Giveaway: If you want to win the book, leave a comment. I’ll be giving it away on Saturday morning, so you have time. And yes, partly that’s a stall to wait for the ordered book to arrive. The rest of it is that I am up to my armpits in paperwork this week.

Quinn McDonald loves seeing books with so much heart and soul of the artist on every page.

Book Review: Flavor for Mixed Media (+Giveaway)

BookCoverNote: Ms. Lillypads is the winner of Mary Beth Shaw’s book.Congratulations! Send me your address and the book will be on its way!

Mary Beth Shaw‘s book, Flavor for Mixed Media, caught my attention because it used food as a metaphor for art. Two favorites in one book! The book expands the meaning of mixed media by including favorite recipes from contributors. That made it interesting to Kent, who is a personal chef, and loves a good recipe. We both decided to try projects from Mary Beth’s book–I’d try an art project, Kent would cook one of the recipes.

Paper Mosaic is one of my favorite collage approaches, and Mary Beth’s book has a section on using a color theory exercise to help expand your use of color. I built on that technique to create one of my free-standing journal pages. Here’s the video–about 6 minutes long, and a project from start to finish.

Artists mix colors, but we often mix our favorite colors over and over and don’t expand to different hues, tints, and values. The chapter’s guest artist is Sarah Ahearn Bellemare, and her color triad theory helps you mix and keep information on colors you love and that work together.

Page 26 and 27 of Mary Beth Shaw's book shows color triad theory.

Page 26 and 27 of Mary Beth Shaw’s book shows color triad theory.

The book is full of projects and ideas, but be sure to check out Mary Beth Shaw‘s website, too.

Color
Painting Without Paint, guest artist Misty Mawn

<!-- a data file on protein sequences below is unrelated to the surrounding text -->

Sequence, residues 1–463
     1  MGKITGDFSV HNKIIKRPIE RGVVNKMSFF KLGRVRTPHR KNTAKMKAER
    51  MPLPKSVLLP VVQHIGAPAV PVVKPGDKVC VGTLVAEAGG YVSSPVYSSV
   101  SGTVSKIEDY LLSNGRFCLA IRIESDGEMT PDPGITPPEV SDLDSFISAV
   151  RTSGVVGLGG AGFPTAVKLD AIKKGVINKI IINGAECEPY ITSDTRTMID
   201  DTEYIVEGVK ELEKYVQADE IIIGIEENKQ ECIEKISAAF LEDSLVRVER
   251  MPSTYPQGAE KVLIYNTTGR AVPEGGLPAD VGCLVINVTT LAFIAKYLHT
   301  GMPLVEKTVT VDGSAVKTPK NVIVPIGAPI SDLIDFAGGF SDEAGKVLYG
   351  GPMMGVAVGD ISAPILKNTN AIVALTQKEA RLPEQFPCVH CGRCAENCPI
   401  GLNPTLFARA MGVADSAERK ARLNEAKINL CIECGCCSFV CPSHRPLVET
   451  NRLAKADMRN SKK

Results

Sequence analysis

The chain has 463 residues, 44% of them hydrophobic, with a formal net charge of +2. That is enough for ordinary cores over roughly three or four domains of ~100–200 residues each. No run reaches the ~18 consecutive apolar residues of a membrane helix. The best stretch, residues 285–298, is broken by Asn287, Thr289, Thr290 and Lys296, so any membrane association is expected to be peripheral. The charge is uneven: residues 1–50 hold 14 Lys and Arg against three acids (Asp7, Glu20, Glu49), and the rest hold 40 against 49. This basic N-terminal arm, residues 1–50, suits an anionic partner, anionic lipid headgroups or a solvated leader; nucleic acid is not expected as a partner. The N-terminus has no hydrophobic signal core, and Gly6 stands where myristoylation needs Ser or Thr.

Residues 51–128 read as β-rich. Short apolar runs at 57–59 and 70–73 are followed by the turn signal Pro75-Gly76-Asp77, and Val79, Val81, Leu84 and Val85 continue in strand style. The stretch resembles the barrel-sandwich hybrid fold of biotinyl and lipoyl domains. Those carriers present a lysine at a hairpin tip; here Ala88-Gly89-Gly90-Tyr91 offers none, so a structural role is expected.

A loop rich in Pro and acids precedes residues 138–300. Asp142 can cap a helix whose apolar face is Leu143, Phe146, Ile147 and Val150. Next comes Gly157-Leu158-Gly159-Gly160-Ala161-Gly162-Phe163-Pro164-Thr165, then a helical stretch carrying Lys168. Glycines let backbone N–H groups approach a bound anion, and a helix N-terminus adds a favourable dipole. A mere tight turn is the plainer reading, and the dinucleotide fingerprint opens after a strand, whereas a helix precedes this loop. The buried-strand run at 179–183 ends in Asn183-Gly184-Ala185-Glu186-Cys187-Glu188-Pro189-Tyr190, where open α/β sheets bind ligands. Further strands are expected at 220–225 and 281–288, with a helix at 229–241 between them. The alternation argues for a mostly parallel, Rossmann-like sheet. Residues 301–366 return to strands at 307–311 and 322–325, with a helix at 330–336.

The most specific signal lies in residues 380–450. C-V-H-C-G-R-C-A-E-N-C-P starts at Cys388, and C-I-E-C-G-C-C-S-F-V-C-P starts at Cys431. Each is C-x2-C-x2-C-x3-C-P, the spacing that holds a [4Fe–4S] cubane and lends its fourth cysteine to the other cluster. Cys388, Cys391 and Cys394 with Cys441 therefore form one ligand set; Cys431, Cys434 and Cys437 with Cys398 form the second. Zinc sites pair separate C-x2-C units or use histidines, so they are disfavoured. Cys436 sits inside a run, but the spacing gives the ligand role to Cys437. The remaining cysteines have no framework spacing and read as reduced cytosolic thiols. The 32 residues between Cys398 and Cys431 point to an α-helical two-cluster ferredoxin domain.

Triad Color Theory, guest artist Sarah Ahearn Bellemare
Organic Abstract Painting, guest artist Elizabeth MacCrellish
Texture
Clayboard Book, guest artist Shari Beaubien
Texture Sampler, guest artist Susan Tuttle
Candle Shade, guest artist Laura Lein-Svencner
Layers
Collagraph Plate, guest artist Julie Snidle
Plexi Squared, guest artist Tonia Jenny
Three-Dimensional Painting, guest artist Dolan Geiman

Project from page 112.

Project from page 112.

Flavors
Icing Panels, guest artist Heather Haymart
Taste of Klimt, guest artist Deb Trotter
Collage Painting, guest artist Claudine Hellmuth
Combinations
Cardboard Collage, guest artist Katie Kendrick
Abstract Letter Forms, guest artist John Hammons
Abstract With Discarded Material, guest artist Judy Wise

Don’t take that “discarded material” too seriously. These are ideas for recycling materials and keep your art supply costs down.  I’m all for seeing materials in a new way, particularly if I don’t have to create a shopping list for them.

Project from page 77

Project from page 77

The eye candy in the links alone is richly satisfying–but what I really like is the variety of the projects. You get enough help to make the project through the step-by-steps, and the luscious photos of finished projects encourage you to keep going.

One of the joys of mixed media is choosing what you are interested in and exploring it. No problem veering into the kitchen for some of the guest authors’ recipes, either. I asked Kent to make Katie Kendrick’s  coconut lentil soup because I like lentil soup, it freezes well, and it’s satisfying without damaging my diet. But you can also make your own tortillas,  sugar cookies from a recipe that’s as versatile as the artwork, and Mary Beth’s own secret Brownies. (Yum!)

It’s been a long time since I’ve read a how-to book that you can take to the grocery store with the same great results as if you take it to the studio!

Front of art journal page I made from instructions on pgs. 24-27.

Front of art journal page I made from instructions on pgs. 24-27.

Giveaway: Mary Beth generously donated a signed copy of the book to my blog readers. Leave a comment that you’d like the book, and your name goes in the drawing that will be held on Wednesday evening, Phoenix time.  The winner (international entries are fine) will be announced on Thursday’s blog and at the top of this blog post.

—Quinn McDonald is learning how to shoot and edit videos to teach online classes. She wishes she had another four hands and a side porch on her brain to provide more room for learning new skills.

Gallery

Quinn’s Ink Technique

This gallery contains 1 photos.

For the last four years or so, starting with Monsoon Papers, I’ve been working with ink, using it instead of paint. Then I developed this fun ink drop technique for backgrounds for found poetry or as part of a collage. … Continue reading

Cheesecloth Journaling